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What is the process for becoming a technical book author?

  1. Dec 7, 2009 #1
    Besides the obvious: Experience in a technical field...What is the process for becoming an author of a technical book?

    When during the writing process should you contact a publisher?
    How do you know which publisher to contact?

    I have been thinking about writing an introductory engineering book for high school to entry level college students. Something as a primer for getting your feet wet in engineering, before spending $30k+ on college courses.

    I have an outline, and plan to spend the next two years writing. (Probably take longer, but I am an optimist) I am looking for about 400 pages and I am hoping the book will retail for about 60-75 dollars. My main market would be high school technology instructors and professors of engineering design courses.

    How much and how does an author get paid for a book? Is there any up-front cost to publish? How do I get the book reviewed before / after publishing? I am thinking about paying some of my college professors to reveiw the book for me.

    Any information would be appreciated.
  2. jcsd
  3. Dec 7, 2009 #2


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    Your first step should be to get copies of existing introductory books and size up the competition. If you can't make significant improvements over the texts that are already on the market, then don't bother. Publishers won't want to pay for printing, promoting, and distributing books that don't make them money. Such books have limited distribution, and that's one reason why textbooks are so darned expensive.

    If you simply want to become a technical writer, first identify your strengths, find an industry with a need, and pitch your talents. This is going to be a tough sell if you don't already have a good reputation in the industry, and a track-record of having produced good written materials in the past, but those are the breaks. Good technical writers can make a comfortable living document existing industrial systems, writing training manuals, etc, but you'll have to be willing to travel, sign confidentiality agreements, carry lots of liability insurance, and surrender all the materials to the company that contracted for them. If you write for industry, you will almost certainly be dealing with proprietary systems, which makes it impossible for you to show managers of other mills copies of your work without violating confidentiality clauses in your contract.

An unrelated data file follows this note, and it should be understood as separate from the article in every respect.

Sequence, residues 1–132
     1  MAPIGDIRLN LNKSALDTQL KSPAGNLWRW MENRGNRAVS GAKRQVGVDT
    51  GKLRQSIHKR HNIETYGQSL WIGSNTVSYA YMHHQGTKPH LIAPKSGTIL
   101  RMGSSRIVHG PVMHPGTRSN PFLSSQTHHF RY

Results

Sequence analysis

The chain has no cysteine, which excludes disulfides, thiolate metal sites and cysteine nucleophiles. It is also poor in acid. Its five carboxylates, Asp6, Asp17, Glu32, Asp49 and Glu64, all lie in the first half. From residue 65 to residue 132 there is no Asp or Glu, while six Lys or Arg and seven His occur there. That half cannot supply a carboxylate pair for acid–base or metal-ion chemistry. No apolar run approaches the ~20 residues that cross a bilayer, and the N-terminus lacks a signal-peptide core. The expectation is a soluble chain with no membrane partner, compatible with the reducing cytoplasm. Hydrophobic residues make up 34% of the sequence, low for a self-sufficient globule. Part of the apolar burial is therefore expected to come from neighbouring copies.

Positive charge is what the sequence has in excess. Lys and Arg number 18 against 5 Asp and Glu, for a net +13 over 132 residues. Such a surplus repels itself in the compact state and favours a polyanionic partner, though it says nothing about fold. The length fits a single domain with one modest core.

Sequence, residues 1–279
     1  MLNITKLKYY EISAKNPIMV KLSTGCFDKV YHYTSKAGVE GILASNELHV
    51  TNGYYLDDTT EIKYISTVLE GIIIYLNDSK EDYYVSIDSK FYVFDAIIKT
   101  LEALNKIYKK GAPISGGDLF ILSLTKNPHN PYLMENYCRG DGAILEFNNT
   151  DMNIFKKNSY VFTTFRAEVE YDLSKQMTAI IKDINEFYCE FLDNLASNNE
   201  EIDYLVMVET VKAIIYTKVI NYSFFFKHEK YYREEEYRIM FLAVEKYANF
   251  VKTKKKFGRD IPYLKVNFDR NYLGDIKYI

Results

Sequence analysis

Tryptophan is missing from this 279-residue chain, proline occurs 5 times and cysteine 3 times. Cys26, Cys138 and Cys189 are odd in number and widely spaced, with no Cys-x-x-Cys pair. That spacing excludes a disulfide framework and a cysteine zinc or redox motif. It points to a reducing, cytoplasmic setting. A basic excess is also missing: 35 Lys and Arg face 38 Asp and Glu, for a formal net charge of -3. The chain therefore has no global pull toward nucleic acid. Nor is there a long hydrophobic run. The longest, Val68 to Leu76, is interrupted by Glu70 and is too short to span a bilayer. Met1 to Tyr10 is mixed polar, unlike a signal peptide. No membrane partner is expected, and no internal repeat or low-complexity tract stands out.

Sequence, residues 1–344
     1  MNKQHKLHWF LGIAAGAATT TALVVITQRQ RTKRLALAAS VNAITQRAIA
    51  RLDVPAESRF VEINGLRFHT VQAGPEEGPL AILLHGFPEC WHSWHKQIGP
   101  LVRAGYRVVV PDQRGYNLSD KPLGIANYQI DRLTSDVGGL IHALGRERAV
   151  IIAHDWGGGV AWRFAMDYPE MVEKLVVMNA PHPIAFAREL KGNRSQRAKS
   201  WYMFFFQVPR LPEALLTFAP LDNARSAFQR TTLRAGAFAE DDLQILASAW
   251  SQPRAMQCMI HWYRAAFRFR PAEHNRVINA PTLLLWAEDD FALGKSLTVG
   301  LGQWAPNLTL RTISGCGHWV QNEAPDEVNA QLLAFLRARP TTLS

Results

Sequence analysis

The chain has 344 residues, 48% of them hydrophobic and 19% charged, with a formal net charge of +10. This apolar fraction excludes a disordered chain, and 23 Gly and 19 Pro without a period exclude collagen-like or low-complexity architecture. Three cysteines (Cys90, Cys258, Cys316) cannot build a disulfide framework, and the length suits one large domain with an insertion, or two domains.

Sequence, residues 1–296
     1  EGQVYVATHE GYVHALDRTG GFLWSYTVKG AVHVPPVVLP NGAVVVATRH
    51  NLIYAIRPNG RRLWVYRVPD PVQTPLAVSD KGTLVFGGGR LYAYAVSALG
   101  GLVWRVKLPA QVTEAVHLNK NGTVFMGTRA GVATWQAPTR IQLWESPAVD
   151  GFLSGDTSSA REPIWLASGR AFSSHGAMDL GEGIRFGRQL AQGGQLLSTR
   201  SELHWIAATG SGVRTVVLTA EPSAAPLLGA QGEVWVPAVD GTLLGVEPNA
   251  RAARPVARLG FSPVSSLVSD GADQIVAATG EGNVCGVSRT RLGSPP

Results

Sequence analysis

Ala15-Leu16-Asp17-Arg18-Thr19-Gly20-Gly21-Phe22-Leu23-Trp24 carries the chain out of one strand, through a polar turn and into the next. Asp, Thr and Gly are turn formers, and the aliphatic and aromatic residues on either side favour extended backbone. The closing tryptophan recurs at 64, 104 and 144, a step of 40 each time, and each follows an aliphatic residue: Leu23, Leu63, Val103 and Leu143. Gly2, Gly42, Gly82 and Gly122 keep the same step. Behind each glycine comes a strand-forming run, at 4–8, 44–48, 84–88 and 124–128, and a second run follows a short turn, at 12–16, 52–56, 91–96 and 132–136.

4. Jan 10, 2010 #3
    Depends on the type of technical book. In the case of textbooks, there are either monographs in which some researcher talks with a publishing house to publish something. There are also intro textbooks, in which someone with a big name in the field contacts a publisher.

    I'm not sure what the market is like for trade books, but I've found that with usually the best way to figure out something is to find someone that writes trade books and they'll tell you know what needs to be done. I know people that write science fiction books, children's books, and cookbooks, and they are useful sources of information about what those businesses are like.

    With academic monographs, the author gets royalties, but usually that's not why they publish, since they want a book out to get reputation and tenure. With intro textbooks, there are some situations in which someone does make a substantial amount of money from the textbook, but that involves convincing your professor friends to make your text required reading for their class.

    It's generally the case that the vast majority of the price of the book goes to the publishing house and the book seller (I think the author gets only 5% or so of the book price).
    Last edited: Jan 10, 2010
  5. Jan 10, 2010 #4
    It depends very heavily on the field. Most of the technical writers that I know write user documentation for software, and because those manuals get included in the software, they are public and can be used to get jobs in other companies. The curious thing is that in the software industry, the technical writers invariably write user documentation and not internal technical documentation. The internal documentation is usually written by the developers, which means that it gets done badly.

    The thing about the technical writers that I know is that they are often artistic types that figured out that you really can't make that much money writing science fiction or children's books, so they write software manuals by day and use their science fiction writing as extra money.
  6. Jan 11, 2010 #5
    Make a free ebook/lecture notes. This will get you noticed and trusted. Publishers like to see that the author has had some experience writing quality material. You do not have to make it super comprehensive or have any problems, but you NEED TO WRITE BEFORE YOU WRITE.

    Being a good, clear writer is essential for quality material.

    Also, do you have any experience teaching? At higher level technical books, the author just has to state the facts and leave the thinking to the reader(some books even lack proofs to ALL their assertions). However, at a lower level(which HS books count as), you need to not just be able to spit out facts and examples but clear out misconceptions and help the reader out with complicated material. This can only be done through DECADES of teaching experience.

    Good luck.
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